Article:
People have entered your home, you owe all your care and attention to the souls under your roof, not the dish left in the sink. It’s time to be Mary, not Martha.
8) Finally, make sure that even as you teach your children to be hospitable in your and their home, also be hospitable to them. While your children are not guests, they also are not going to be there forever. Take time to serve them and treat them with special honor, just as you want them to do to others. Children who’ve tasted what it’s like to be served and honored selflessly will have a better idea of how to do it for others. And more than that, they are worth it.
I hope you’re encouraged to be hospitable through the years of young children and messy parenting. Let the welcoming and tender care of your loving Father inspire you. He welcomes us because of His great love for us, love that comes at great and unthinkable cost to Himself. What a God we serve.
We were very blessed to be the special honored guests a couple a weeks ago. Even this morning Emmy pretended to be Elianna and Alaina pretended to be Eliza.
This post is well said and I hope it inspires others to get to it and share days with others in the middle of sharing our days with our little children. How simple it becomes to expose more of who our families are, exposing the work God is actively doing in our families, than by allowing others into the reality of our days!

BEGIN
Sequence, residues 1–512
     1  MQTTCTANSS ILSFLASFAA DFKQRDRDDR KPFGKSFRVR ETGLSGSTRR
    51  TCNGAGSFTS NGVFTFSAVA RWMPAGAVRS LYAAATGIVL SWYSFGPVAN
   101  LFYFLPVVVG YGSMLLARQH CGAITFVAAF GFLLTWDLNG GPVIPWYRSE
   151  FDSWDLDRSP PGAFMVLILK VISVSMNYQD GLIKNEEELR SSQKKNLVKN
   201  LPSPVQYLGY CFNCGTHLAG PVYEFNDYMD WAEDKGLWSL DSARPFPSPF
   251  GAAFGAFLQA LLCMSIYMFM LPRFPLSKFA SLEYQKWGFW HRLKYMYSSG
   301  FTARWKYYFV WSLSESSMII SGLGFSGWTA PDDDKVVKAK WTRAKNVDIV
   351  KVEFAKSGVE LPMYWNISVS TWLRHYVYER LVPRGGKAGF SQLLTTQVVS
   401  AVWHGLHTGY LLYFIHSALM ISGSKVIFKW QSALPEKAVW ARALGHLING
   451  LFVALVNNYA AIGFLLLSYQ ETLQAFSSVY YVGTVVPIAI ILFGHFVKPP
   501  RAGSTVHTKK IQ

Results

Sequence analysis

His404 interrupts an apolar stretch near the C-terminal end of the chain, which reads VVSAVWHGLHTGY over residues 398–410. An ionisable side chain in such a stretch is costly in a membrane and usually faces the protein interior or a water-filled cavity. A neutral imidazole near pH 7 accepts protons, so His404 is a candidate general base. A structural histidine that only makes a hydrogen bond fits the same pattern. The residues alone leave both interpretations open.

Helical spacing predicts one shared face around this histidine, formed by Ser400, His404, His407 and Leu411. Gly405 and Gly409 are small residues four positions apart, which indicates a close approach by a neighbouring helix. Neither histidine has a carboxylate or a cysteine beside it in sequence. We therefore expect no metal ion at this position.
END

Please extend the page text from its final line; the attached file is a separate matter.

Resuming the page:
Love to you, Abigail!
what a wonderful post! I especially agree with your point that kids who see and experience it, know better how to do it when they grow up. My husband is an excellent example of that principle! Thank you for always heralding hospitality! This is such a great reminder to always be seeking how to be others-oriented and not self-oriented. When we think about the dishes in the sink, we’re thinking ultimately about ourselves and what it says about us, not *usually* about whether or not our guests are uncomfortable…
Well said, we often let the idea that we have to be “perfect” stop us from serving, and this is not at all how we are called to be. You are very blessed to have had some awesome examples of this in your own life, Grandma Johnnie, your Mom!! Way to continue this beautiful tradition of hospitality! You are very good at being a Mary, and that is why it is a real treat to come over and just be!!!!! Love you!